Striking Irish dockers win social welfare appeal payout

Striking Irish dockers win social welfare appeal payout

24 September 2010

Striking dockers in Dublin port [Photo: SIPTU]

Dockers who walked out on strike for eight months at a port in Ireland have been awarded a substantial payout by a tribunal.

The dockers, represented by the ITF-affiliated union Services, Industrial, Professional and Technical Union (SIPTU), have been awarded more than 100,000 euros (US$134,000) by a social welfare tribunal. They took strike action from 2 July last year until 19 February this year at Marine Terminals in Dublin in a dispute over redundancies and wage cuts; the company responded by replacing the workers with strikebreakers.

The tribunal decision has been welcomed by the Marine Port and General Workers’ section of SIPTU as a major victory for the strikers. During the dispute the workers would have been entitled to 200 euros (US$268) a week in strike pay. The average award for each of the 17 men involved is 6,000 euros (US$8000).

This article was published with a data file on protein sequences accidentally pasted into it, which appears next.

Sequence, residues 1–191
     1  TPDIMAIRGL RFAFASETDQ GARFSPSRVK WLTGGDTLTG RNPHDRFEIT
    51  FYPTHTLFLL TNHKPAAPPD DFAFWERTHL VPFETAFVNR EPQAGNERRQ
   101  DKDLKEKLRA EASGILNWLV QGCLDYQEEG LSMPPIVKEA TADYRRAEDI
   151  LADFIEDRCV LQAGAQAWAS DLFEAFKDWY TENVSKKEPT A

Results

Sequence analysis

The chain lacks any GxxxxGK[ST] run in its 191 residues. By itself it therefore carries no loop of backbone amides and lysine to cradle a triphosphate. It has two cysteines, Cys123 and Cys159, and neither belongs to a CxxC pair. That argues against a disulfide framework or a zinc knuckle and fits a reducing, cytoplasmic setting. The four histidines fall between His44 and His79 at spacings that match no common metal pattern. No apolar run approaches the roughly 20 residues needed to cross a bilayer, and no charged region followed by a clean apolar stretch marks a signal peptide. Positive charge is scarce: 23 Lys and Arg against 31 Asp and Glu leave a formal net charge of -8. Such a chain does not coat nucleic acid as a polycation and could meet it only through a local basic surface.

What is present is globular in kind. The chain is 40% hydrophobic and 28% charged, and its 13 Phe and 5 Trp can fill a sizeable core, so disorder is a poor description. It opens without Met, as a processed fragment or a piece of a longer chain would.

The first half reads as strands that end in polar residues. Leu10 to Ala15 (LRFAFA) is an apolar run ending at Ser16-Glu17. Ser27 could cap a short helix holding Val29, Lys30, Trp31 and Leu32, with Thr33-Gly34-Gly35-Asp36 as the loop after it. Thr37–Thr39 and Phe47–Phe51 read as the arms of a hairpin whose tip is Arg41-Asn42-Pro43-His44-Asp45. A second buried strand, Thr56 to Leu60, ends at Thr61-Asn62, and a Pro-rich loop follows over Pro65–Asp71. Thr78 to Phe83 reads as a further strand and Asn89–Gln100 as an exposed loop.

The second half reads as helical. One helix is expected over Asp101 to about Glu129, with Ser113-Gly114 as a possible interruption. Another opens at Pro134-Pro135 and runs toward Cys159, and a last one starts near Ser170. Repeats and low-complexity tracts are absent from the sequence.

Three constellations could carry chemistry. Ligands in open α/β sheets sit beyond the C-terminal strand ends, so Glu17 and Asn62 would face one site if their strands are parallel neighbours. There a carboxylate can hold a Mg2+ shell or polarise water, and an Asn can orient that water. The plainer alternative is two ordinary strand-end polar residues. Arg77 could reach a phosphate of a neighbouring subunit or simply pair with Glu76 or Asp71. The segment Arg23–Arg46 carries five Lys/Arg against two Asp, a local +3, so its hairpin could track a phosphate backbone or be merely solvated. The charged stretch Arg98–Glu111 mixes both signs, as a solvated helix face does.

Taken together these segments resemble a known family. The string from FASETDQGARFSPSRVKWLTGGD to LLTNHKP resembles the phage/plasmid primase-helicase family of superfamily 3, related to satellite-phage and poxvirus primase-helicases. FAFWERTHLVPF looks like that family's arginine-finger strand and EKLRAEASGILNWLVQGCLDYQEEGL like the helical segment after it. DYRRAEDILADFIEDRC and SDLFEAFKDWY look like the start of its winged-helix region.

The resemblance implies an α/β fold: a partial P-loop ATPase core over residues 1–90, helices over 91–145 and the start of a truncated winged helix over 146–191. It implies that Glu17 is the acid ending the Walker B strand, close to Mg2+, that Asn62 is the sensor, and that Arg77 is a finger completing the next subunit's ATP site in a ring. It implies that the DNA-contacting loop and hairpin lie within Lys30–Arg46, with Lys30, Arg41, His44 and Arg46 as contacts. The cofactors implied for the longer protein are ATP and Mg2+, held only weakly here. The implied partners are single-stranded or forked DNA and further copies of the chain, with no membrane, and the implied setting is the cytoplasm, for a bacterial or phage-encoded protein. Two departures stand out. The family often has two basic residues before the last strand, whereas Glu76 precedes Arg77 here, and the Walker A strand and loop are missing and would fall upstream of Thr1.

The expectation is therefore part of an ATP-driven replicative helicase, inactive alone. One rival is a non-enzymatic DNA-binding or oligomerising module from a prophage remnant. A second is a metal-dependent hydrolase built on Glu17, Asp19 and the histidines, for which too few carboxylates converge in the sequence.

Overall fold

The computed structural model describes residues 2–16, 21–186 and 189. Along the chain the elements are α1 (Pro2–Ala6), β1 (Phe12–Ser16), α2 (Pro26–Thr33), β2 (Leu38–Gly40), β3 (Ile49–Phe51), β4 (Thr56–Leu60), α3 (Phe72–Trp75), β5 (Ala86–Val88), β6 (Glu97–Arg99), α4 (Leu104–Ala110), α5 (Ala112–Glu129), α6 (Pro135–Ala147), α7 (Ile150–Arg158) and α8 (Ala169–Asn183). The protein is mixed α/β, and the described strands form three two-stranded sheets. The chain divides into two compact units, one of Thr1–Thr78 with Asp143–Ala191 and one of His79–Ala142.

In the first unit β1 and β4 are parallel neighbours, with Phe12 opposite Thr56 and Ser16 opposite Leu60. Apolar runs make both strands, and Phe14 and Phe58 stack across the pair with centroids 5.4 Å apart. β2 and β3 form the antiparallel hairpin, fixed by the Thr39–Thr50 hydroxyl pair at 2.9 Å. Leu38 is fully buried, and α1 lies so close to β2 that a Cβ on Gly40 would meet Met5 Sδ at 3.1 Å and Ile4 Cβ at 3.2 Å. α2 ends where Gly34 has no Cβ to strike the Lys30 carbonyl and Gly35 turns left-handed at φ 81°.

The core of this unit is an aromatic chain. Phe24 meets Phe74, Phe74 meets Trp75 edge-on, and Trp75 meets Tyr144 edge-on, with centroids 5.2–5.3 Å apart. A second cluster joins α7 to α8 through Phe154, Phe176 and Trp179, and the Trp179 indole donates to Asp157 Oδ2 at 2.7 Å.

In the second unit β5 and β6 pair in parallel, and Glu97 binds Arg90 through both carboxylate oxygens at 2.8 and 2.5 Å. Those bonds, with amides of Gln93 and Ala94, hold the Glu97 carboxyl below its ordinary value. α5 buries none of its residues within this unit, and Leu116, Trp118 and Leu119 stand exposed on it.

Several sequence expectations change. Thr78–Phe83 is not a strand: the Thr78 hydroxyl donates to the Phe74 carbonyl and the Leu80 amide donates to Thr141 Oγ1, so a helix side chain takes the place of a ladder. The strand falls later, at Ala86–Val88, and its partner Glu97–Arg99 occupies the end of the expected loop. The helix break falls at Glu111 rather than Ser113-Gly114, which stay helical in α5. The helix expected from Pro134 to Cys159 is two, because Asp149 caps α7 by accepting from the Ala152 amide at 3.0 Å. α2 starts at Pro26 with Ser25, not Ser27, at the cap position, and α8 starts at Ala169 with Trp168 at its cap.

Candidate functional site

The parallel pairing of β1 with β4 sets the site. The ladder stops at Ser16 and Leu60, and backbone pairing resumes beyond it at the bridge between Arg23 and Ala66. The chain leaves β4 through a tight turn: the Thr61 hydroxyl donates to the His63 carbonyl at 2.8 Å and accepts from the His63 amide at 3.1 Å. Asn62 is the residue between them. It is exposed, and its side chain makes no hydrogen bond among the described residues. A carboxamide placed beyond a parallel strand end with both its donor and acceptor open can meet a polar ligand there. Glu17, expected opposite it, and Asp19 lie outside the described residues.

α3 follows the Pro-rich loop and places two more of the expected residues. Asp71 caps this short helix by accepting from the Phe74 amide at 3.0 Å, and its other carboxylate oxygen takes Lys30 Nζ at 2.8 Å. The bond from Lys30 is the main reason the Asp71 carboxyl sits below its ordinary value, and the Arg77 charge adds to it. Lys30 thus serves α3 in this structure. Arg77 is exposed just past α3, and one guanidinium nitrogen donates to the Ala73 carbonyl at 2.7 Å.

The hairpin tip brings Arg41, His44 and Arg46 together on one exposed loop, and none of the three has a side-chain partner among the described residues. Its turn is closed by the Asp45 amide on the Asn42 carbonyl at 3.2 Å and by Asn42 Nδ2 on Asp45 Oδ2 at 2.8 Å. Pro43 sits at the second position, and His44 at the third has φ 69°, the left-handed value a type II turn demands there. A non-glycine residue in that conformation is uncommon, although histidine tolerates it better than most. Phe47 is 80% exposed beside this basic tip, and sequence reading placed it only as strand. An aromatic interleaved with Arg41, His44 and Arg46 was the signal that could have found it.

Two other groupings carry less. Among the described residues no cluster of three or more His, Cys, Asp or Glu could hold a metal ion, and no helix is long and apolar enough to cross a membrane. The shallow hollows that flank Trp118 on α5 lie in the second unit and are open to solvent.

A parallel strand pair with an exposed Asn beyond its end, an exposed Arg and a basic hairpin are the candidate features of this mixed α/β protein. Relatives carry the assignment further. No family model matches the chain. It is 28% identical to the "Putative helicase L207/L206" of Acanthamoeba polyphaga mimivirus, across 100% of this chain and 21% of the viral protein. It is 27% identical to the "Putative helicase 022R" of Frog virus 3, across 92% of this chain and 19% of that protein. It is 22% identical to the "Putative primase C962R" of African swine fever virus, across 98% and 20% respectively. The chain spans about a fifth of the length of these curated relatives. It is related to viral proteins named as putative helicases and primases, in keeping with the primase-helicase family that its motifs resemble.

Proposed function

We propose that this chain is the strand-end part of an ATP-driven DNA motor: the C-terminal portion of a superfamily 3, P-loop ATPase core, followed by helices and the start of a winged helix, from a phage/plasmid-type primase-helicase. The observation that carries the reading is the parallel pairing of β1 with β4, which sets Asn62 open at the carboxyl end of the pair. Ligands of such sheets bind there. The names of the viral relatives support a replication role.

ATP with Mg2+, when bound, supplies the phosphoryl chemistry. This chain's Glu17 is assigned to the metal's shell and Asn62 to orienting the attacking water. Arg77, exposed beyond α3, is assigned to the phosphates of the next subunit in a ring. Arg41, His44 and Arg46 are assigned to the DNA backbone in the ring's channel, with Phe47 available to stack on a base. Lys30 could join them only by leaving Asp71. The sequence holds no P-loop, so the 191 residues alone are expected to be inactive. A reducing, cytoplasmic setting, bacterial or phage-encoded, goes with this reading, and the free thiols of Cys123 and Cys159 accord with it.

SIPTU organiser, Oliver McDonagh, said the people involved in the dispute were “young family men and women with mortgages and other regular payments to meet.”

“They were put through financial hell during their eight months on the picket line. During the strike they were informed that they were not entitled to any social welfare payments so the union decided to make an appeal to the social welfare tribunal on the grounds that the company did not properly utilise the dispute resolution machinery of the state,” he continued.

“This was an important success for the union and we are calling on the minister for labour affairs, Dara Calleary, to ensure that all companies coming to Ireland respect the industrial relations machinery provided by the state. Companies trying to bypass procedures and undermine the terms and conditions of union members must not be allowed to do so.”

“The case was won in the tribunal in the face of an aggressive submission from the company. I am personally delighted for the employees concerned and their families,” Oliver McDonagh said.


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